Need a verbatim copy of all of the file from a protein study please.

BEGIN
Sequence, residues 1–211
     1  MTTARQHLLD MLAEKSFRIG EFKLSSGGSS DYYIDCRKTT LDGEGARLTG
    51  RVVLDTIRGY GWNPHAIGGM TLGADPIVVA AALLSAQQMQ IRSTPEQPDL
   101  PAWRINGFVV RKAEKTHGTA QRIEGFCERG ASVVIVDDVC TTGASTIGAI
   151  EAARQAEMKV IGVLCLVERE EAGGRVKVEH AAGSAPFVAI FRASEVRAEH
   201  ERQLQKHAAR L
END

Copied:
Sequence, residues 1–211
     1  MTTARQHLLD MLAEKSFRIG EFKLSSGGSS DYYIDCRKTT LDGEGARLTG
    51  RVVLDTIRGY GWNPHAIGGM TLGADPIVVA AALLSAQQMQ IRSTPEQPDL
   101  PAWRINGFVV RKAEKTHGTA QRIEGFCERG ASVVIVDDVC TTGASTIGAI
   151  EAARQAEMKV IGVLCLVERE EAGGRVKVEH AAGSAPFVAI FRASEVRAEH
   201  ERQLQKHAAR L